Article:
by Doreen Nelson, Fall 2004
Teachers find that by using a small activity to ignite their students’ curiosity they can speed up their students’ learning while solving problems of curriculum overload and classroom behavior. Design Based Learning provides a concrete method for teaching and evaluating students that integrates the required K-12 curriculum. It uses techniques from the design professions to form a methodology that challenges students to design hands-on solutions to problems in simulated experiences. As students develop Never-Before-Seen solutions for businesses, cities, villages, or civilizations they learn to think critically. They apply the lessons from textbooks that address the required academic standards.
Read more... (MS Word)
by Doreen Nelson
Professor, School of Education and Integrative Studies,
Adjunct Professor College of Environmental Design
California Polytechnic University, Pomona
Much thought in education theory and learning theory has been devoted to how to produce original thinkers. Teaching students how to be creative thinkers does not exist. Education is primarily about learning what has been done, simply accumulating and replicating information. Students are not taught to become dexterous at transforming, changing and handling information. That is thought to be the unattainable domain of a rare breed of humans.
by Doreen Nelson © 1987
One of the most important and neglected subjects of real education is that of children regarding the city environment in which they find themselves living. Can they as children have any effect on the evolution of the massive physical items surrounding them? Yes,t hey can. For a number of years it has been demonstrated that this subject is intensely interesting to both the children and the teens. Classes are enormously stimulated by the actual designing, fabricating, and operating various building structures and,above all, building classroom size models of the cities the students plan.
I recommend that City Building Education be included in all elementary and high school curricula.
Educators commonly assume that learning is best achieved through surveying and memorizing the past, then summarizing the drifts of history to account for the present, in hopes that the future will profit from lessons of hindsight. Formal design instruction is omitted from kindergarten to high school, and it is only introduced at the university level to a few students who plan to pursue careers in art, design or architecture. The thinking skills for formulating and fabricating original plans can be applied to general education at all levels. Its uniqueness lies in the fact that it is project oriented and that the projects fit into the broader context of the living environment. Practice with using skills associated with planning and building returns the domain of control over the creation of our environment to everyone.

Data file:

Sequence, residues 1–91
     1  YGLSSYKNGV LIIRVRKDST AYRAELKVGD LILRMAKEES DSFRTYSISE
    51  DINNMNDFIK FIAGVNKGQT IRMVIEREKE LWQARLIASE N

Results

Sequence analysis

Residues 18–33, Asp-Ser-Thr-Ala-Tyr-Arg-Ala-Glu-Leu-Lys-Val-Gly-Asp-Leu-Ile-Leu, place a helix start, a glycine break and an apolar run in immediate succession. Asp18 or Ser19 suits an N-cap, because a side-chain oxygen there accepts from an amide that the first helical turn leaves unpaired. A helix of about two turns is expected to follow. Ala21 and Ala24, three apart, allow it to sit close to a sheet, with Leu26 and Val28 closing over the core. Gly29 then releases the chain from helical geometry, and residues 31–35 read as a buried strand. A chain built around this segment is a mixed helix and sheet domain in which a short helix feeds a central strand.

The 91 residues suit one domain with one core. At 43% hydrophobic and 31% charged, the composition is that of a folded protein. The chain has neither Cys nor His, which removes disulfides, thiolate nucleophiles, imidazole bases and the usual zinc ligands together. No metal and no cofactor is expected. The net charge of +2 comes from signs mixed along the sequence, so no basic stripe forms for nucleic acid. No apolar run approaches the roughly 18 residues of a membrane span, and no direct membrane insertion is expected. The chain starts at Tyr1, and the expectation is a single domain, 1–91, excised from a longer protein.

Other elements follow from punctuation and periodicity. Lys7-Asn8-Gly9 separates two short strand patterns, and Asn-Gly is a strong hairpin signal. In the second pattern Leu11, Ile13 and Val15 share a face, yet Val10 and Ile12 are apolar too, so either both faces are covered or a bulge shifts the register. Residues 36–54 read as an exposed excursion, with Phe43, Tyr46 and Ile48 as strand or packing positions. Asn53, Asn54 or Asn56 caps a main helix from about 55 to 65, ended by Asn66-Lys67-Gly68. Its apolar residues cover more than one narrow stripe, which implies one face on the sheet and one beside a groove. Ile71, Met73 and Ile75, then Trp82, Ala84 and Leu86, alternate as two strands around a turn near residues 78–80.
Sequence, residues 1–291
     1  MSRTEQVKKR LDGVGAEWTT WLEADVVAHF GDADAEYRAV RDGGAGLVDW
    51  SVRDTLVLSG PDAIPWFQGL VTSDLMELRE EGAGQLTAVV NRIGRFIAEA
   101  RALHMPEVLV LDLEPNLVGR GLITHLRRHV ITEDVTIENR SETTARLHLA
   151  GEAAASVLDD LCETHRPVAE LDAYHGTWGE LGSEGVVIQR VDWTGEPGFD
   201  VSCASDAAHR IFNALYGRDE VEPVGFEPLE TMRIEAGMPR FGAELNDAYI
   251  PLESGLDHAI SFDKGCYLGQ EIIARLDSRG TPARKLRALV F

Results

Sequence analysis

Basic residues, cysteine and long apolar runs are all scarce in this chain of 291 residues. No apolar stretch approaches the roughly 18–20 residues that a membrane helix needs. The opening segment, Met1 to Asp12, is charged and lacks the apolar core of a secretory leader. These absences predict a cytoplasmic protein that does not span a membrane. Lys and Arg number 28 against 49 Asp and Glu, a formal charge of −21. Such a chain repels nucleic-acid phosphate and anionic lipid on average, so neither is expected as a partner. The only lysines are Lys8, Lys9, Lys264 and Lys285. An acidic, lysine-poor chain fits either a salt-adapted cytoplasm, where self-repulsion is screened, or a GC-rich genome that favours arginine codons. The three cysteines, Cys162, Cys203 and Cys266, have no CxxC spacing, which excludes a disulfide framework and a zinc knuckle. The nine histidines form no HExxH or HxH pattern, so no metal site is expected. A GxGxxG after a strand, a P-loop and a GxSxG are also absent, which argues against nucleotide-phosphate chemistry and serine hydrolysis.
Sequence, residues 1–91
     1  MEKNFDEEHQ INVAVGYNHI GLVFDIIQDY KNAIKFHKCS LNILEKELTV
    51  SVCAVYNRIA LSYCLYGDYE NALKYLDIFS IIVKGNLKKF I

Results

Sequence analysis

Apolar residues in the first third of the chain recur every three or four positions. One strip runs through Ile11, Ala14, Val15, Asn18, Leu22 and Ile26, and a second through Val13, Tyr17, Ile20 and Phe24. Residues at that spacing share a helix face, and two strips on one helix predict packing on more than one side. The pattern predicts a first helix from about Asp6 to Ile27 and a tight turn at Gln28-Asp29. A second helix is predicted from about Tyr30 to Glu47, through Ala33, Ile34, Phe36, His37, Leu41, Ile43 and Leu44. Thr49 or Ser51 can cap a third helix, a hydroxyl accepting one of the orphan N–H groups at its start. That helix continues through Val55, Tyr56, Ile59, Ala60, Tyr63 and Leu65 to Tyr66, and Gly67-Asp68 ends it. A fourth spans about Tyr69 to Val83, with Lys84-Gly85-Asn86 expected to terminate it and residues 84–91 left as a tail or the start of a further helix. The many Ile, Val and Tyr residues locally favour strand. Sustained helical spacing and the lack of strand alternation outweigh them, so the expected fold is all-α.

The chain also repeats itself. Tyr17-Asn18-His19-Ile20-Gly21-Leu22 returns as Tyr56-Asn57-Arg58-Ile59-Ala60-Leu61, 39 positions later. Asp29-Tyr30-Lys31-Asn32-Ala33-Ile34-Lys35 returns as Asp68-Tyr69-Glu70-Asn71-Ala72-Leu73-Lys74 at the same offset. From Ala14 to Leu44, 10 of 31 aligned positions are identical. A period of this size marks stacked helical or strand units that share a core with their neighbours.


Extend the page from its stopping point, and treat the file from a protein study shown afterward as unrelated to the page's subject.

by Doreen Nelson, Hon. AIA
"Hi, my name is Matthew. My pen pal is Takuya. Would Takuya please stand up so I can see him?"
Matthew is a student in a Walnut Valley Unified School District (WVUSD) classroom that is reaching across eight time zones via video conference to plan and build a city of the future. This is not science fiction. The children from Chaparral Middle School in Diamond Bar, California and Katahira-cho School in Sendai, Japan are forming their future by reforming their physical environment.
Not just a pretend place; both classrooms are taking their own topographic land mass - the place they call home - and making it into what it could be, should be, might become. They are asking each other over e-mail, snail mail and video conferencing to have an opinion about their home using the criteria that they set for a city 100 years in the future. The buildings are to incorporate never-before-seen features, to be handicap accessible, pollutant-free and to allow for a lot of open space. They cyber-drag each other over the ocean to become a neighbor sharing dilemmas, having a common future. By taking responsibility for designing and building structures on a corner of the otherÕs landsite, they form a powerful bond.